Virginia State Sen. Amanda Chase, R-Chesterfield, listens to debate during the Senate session at the Capitol Wednesday, Feb. 26, 2020, in Richmond, Va. The Sense passes several gun related measures. (AP Photo/Steve Helber) Chase to Still Run for Governor
Virginia State Sen. Amanda Chase, R-Chesterfield, listens to debate during the Senate session at the Capitol Wednesday, Feb. 26, 2020, in Richmond, Va. The Sense passes several gun related measures. (AP Photo/Steve Helber)

The Virginia state senator faces criticism for her support of domestic terrorists that attacked the US Capitol Wednesday.

RICHMOND-Facebook suspended the campaign page for Amanda Chase on Friday. The platform flagged two of the Virginia state senator’s posts as false information, after she blamed Antifa for Wednesday’s riot at the Capitol. 

“Facebook continues to restrict free speech,” Chase wrote on her personal Facebook page. “Because what I have to say does not fit their narrative, my Senator Amanda Chase page has been silenced for 60 days. We no longer have free speech in America.” 

Chase clarified that in a statement Friday night. She can’t post or comment on the page for 30 days. She also can’t advertise or go live on Facebook for 60 days.

The claims about Antifa that got her flagged were odd for two reasons. First, the same people she called patriots have been unapologetic about claiming responsibility for the attack. They live-streamed the event, took photos and shared pictures on multiple social media platforms.

Second, Chase herself contradicted the Antifa claims. In a video posted to her campaign Facebook page Wednesday night, Chase said the attack was the start of a revolution. 

“I support peaceful protests but I’m telling you when you back people in Virginia and across the United States of America into a corner, you end up with a revolution. And I believe that’s what you’re starting to see,” Chase said in the video

She went on in the video to blame Virginia’s new gun laws for the riot. One day later, she followed that up with another post, saying “yesterday was a direct result of so many people feeling their voices were not being heard.” It’s unclear how any of that connects with Antifa. Dogwood also reached out to the Chase campaign for an explanation and had not heard back by presstime.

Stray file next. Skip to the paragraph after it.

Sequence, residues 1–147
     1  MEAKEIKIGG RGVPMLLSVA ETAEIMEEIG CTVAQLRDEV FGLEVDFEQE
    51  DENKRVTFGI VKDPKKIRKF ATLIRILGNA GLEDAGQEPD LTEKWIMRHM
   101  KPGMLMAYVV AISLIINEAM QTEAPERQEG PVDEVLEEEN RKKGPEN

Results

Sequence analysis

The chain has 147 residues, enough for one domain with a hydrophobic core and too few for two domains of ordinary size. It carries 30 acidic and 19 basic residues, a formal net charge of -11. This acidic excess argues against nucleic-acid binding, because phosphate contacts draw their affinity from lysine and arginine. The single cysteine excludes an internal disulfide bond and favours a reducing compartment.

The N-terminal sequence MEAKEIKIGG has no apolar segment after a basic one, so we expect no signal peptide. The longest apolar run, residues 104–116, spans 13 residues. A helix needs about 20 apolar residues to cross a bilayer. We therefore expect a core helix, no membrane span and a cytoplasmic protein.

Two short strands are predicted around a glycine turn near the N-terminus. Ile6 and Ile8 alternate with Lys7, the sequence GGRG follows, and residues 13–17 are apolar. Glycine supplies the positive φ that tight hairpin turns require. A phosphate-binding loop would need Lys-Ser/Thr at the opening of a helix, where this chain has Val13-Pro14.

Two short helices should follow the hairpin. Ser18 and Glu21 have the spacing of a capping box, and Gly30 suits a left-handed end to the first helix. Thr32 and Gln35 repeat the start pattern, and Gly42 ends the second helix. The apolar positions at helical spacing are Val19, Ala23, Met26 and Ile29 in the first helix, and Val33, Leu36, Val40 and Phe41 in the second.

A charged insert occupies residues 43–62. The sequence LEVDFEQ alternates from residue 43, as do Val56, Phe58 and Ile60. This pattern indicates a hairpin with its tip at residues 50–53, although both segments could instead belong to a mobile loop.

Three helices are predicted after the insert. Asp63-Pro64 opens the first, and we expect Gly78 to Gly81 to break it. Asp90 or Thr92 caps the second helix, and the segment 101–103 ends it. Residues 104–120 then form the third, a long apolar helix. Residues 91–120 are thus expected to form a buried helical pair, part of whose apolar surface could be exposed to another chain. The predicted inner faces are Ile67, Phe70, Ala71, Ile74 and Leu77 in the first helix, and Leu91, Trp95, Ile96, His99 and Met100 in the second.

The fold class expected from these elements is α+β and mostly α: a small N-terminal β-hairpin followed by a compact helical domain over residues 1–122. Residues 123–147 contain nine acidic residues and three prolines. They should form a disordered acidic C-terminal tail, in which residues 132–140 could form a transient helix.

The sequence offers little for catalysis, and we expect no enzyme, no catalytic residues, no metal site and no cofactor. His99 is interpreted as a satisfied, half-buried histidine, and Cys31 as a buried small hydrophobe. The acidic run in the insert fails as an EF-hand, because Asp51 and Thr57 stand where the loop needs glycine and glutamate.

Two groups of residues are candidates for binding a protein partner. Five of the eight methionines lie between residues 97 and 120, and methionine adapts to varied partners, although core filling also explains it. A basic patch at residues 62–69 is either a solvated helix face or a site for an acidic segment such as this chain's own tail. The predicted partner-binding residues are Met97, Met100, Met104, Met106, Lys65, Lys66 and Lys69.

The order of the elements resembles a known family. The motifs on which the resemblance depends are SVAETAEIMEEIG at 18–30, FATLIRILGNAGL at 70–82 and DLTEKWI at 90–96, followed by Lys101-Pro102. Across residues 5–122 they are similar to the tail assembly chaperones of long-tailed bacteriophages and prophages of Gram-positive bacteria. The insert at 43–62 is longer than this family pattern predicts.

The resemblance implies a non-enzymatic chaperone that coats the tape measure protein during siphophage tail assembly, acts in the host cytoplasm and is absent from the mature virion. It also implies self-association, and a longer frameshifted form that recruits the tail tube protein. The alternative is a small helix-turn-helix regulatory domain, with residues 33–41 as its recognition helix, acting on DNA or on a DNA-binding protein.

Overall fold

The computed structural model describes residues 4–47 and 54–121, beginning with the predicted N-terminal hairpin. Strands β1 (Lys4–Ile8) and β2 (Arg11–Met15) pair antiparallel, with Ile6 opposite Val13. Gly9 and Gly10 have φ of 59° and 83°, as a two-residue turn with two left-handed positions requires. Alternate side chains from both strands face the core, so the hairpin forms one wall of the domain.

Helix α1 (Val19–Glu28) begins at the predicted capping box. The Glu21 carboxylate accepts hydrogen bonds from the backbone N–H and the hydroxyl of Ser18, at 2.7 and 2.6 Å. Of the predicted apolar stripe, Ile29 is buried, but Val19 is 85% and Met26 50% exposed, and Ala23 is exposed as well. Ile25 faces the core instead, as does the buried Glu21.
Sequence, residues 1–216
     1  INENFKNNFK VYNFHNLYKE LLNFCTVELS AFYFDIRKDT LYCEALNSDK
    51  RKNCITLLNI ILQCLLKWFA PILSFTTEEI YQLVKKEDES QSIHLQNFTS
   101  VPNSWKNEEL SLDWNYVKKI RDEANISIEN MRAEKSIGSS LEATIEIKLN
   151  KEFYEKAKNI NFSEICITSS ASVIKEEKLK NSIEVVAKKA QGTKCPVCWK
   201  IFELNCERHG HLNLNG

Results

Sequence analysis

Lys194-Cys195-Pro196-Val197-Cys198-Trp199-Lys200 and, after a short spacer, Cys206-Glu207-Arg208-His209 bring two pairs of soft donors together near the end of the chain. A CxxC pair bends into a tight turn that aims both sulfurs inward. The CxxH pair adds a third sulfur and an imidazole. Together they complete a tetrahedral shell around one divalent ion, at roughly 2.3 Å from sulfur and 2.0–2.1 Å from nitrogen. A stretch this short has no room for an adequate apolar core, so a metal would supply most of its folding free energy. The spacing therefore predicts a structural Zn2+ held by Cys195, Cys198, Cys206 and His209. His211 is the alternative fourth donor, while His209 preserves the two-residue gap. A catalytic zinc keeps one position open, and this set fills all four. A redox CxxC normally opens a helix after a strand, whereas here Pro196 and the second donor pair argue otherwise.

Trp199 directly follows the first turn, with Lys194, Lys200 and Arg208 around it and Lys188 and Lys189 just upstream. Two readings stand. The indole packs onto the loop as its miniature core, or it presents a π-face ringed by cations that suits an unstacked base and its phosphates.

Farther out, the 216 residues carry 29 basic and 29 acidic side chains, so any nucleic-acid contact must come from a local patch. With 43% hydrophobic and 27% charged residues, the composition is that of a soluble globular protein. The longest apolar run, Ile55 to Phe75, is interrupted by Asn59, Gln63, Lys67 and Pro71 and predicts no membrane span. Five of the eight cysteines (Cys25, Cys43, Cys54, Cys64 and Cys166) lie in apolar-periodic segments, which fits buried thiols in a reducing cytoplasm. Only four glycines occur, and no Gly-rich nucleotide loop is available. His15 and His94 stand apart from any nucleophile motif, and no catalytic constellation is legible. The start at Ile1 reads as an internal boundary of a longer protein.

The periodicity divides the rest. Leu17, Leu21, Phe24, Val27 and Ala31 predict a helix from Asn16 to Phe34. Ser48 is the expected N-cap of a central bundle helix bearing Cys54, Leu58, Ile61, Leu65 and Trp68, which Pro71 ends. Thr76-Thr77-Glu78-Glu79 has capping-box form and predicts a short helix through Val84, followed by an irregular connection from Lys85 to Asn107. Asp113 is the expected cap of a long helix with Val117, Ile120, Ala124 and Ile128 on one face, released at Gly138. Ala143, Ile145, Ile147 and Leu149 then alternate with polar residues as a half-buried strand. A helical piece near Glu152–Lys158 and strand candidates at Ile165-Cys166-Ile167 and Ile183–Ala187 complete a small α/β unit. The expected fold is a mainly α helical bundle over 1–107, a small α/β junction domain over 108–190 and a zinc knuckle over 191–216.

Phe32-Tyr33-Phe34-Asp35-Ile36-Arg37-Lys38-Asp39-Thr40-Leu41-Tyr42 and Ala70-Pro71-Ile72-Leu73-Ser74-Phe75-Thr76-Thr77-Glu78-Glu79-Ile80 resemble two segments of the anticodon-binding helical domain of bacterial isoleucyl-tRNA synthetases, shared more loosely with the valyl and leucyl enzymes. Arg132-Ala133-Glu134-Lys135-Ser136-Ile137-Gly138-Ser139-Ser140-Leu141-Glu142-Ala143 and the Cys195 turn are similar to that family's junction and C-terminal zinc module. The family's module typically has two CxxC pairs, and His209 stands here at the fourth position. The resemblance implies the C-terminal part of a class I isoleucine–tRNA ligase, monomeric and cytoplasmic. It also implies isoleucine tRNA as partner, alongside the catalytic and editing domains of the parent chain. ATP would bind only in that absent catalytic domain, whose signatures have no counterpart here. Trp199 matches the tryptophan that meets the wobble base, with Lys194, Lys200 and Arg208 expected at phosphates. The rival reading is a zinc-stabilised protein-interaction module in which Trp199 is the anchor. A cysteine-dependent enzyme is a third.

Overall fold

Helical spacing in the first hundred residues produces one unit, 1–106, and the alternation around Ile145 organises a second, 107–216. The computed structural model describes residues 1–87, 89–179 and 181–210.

RELATED: Chase Endorses DC Terrorists, Calls Them Patriots

What Happened Wednesday

Wednesday’s siege came after months of verbal attacks from President Donald Trump, Republican members of the Virginia congressional delegation and others. On Wednesday, speaking at a morning rally in DC, Trump again claimed Joe Biden stole the election. He told his supporters gathered there they should march to the Capitol. They did exactly that.

Chase herself was at Trump’s rally, speaking to a portion of the crowd. However, she left before the riots started. In her second live-stream video Wednesday, Chase told viewers her security detail insisted they leave as the crowd started to march toward the Capitol. 

Officials evacuated both the House and Senate, leaving it open for Trump supporters to walk right in. Streaming video from the chambers showed some looking through papers and sitting at desks. Others yelled “where is Pence?” as they walked around.

Four people were killed and 50 injured, including police, in the attack.

Lawmakers, Residents Call for Chase to Resign

Due to her presence at the Wednesday rally, Virginia lawmakers and residents called for Chase to resign on Friday. One group even set up a MoveOn.org petition, collecting 1,179 signatures as of Friday night.

This isn’t the first time Chase faced calls to resign. It’s not even the only complaint within the last 30 days. On Dec. 15, Chase called for Trump to establish martial law. This was in response to the election results, as she claimed it had been stolen. .

As then, lawmakers on Friday referred to Article IV, Section 7 of the Virginia Constitution. It allows the General Assembly to punish and even expel members. 

The section states the House and Senate can discipline members “for disorderly behavior and, with the concurrence of two-thirds of its elected membership, may expel a member.” 

The Virginia Senate Democratic Caucus summed up the feelings of many people with a statement.  

“As we all watched in shock and disbelief at the insurrection in Washington DC, Senate and gubernatorial candidate Amanda Chase was horrifyingly empowering a failed coup d’etat,” Caucus members said in a joint statement. “She galvanized domestic terrorists who violated the United States Capitol on Wednesday afternoon through riots, destruction and desecration, joining them on their march to Capitol Hill.” 

For someone who defends herself with the Constitution, the statement said, Chase doesn’t seem to understand what her oath to defend it means.

“She has unequivocally committed insurrection and the Fourteenth Amendment to that same Constitution charges us with the responsibility of holding her accountable,” the group said. “Senator Chase has not demonstrated either good judgement or leadership for Senate District 11 or the Commonwealth of Virginia. It is in the best interest for the Senate of Virginia and her constituents to resign.”

On Friday night, Chase rejected both attempts, claiming she was fighting for the people.

“Despite attempts by Facebook and the Virginia Democratic Party of Virginia to silence me both as a sitting senator and candidate for governor because of my outspoken support for President Donald J Trump, they will not deter my enthusiasm, commitment or passion to ensure the people of Virginia have a committed representative who they can trust and who will fight for them,” Chase said in a statement.

Brian Carlton is Dogwood’s managing editor. You can reach him at brian@couriernewsrooom.com.